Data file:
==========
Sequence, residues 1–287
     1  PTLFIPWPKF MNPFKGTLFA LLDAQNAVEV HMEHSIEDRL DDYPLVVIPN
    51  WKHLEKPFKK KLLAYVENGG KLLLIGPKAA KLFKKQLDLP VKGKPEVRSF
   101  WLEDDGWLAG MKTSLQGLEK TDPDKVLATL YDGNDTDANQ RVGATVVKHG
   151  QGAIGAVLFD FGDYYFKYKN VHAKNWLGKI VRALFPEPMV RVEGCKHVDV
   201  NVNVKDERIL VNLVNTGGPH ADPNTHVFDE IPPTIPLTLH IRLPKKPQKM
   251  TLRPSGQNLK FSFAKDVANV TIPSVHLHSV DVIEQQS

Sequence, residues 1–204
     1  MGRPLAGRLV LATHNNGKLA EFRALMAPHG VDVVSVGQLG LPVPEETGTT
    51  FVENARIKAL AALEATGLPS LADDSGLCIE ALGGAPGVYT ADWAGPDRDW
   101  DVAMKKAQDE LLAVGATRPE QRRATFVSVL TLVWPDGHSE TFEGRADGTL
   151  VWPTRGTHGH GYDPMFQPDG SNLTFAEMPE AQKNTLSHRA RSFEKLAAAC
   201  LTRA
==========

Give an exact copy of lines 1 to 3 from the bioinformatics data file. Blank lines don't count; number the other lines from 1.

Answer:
Sequence, residues 1–287
     1  PTLFIPWPKF MNPFKGTLFA LLDAQNAVEV HMEHSIEDRL DDYPLVVIPN
    51  WKHLEKPFKK KLLAYVENGG KLLLIGPKAA KLFKKQLDLP VKGKPEVRSF